We pursue our continuing series of visits to the Carnavalet Museum this week. Today’s destination: a drawing room formerly in the hôtel particulier of the Dukes of Uzès.* Its most noteworthy feature is a set of splendid boiseries, or carved panels.
The boiseries of this drawing room were designed and executed in 1767 under the supervision of the architect Claude-Nicolas Ledoux, who was also responsible for the decoration of the Café Militaire, as explained in a previous post.
The furniture is not original to the room. The pieces are, however, of the period, and represent the work of the great masters of the day. The console table visible in the picture above, for instance, is one of a pair by the master Rabaudin. Its date is not known, but Rabaudin died in 1774. Its neo-classical form would indicate it was completed later in the master’s life.
The room also contains a handsome fireplace with a marble mantlepiece.
The garniture of the mantlepiece includes a clock and a pair of circa 1785 Sèvres vases. Let’s take a closer look at the clock.
The 2 figures on the clock are Louis XVI (left) and the goddess Minerva (right). Louis XVI was only 19 when he came to the throne. Presumably it was felt that he needed the Goddess of Wisdom’s counsel.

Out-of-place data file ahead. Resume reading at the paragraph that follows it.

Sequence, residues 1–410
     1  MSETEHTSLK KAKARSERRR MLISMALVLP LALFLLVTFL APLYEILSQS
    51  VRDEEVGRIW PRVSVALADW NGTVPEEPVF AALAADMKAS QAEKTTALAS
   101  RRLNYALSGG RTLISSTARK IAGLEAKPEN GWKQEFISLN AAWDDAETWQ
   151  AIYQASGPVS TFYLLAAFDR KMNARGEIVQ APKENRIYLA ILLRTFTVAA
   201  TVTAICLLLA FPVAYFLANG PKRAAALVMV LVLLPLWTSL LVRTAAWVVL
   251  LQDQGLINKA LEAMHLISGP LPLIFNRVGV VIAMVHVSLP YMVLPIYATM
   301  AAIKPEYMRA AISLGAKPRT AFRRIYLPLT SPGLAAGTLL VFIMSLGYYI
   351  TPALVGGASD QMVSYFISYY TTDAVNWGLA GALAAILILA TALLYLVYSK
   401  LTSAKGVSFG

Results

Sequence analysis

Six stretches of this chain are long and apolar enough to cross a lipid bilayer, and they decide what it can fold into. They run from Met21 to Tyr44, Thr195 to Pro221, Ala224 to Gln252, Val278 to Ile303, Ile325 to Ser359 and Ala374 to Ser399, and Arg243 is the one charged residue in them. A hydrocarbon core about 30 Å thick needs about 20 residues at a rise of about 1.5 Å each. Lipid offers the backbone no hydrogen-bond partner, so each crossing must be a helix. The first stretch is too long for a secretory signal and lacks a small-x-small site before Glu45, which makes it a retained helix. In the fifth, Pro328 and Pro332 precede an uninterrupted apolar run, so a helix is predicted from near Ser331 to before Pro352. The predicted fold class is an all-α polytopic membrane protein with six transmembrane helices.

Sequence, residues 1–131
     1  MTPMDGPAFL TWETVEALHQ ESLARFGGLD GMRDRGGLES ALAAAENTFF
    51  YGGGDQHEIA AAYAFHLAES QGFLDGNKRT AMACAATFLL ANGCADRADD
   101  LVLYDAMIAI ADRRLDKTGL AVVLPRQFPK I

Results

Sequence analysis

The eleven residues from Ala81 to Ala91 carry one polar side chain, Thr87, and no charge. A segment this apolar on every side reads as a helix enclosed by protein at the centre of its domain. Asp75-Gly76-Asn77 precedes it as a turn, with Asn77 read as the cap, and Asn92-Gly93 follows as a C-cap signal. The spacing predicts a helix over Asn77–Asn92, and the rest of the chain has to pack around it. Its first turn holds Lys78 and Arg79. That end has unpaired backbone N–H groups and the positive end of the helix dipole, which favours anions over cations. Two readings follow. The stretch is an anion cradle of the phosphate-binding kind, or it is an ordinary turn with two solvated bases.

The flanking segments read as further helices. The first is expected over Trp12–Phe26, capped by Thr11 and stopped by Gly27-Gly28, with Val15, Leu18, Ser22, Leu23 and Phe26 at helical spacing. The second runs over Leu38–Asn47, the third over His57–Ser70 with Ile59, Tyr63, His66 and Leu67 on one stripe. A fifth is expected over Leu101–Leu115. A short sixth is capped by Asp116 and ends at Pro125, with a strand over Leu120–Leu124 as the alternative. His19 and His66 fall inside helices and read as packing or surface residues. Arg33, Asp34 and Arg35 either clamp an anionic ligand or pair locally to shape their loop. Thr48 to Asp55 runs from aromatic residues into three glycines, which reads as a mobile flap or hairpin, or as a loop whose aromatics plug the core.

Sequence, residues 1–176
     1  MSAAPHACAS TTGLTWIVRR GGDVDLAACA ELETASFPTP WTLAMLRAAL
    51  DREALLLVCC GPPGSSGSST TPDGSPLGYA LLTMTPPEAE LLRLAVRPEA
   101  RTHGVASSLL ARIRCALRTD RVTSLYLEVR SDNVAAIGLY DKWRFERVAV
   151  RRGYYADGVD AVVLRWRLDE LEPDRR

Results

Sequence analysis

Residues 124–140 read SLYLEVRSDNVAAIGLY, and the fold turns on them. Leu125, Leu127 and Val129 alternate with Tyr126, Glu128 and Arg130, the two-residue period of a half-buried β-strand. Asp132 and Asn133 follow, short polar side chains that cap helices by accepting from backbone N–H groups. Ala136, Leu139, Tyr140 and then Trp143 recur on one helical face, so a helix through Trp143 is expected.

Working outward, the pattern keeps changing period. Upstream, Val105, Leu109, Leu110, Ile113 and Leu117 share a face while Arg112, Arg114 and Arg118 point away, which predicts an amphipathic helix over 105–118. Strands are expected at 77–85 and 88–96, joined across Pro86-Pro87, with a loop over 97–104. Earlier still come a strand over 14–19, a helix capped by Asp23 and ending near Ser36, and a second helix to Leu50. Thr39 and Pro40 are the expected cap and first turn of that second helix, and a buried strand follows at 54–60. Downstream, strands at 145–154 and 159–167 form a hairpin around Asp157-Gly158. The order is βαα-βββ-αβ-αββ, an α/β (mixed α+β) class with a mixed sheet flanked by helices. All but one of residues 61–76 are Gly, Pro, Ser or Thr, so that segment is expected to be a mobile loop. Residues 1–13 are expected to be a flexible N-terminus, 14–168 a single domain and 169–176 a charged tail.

Though they were beautiful as they were, I do remember thinking to myself that the boiseries needed a good cleaning. We’ll miss the Carnavalet for the 3 years that it’s going to be closed, but it needs this refurbishment. I look forward to seeing these wonderful boiseries again in 2019, a-gleam from their cleaning!
Most of the information in this post comes from the info placards on site. The museum’s website also has a brief write-up in French. Find it here: http://www.carnavalet.paris.fr/en/collections/salon-de-compagnie-de-l-hotel-d-uzes
Which room at the Carnavalet is your favourite? Let me know in the comments.
*The dukedom of Uzès is the oldest extant French dukedom. The Crussol family have held it since 1565.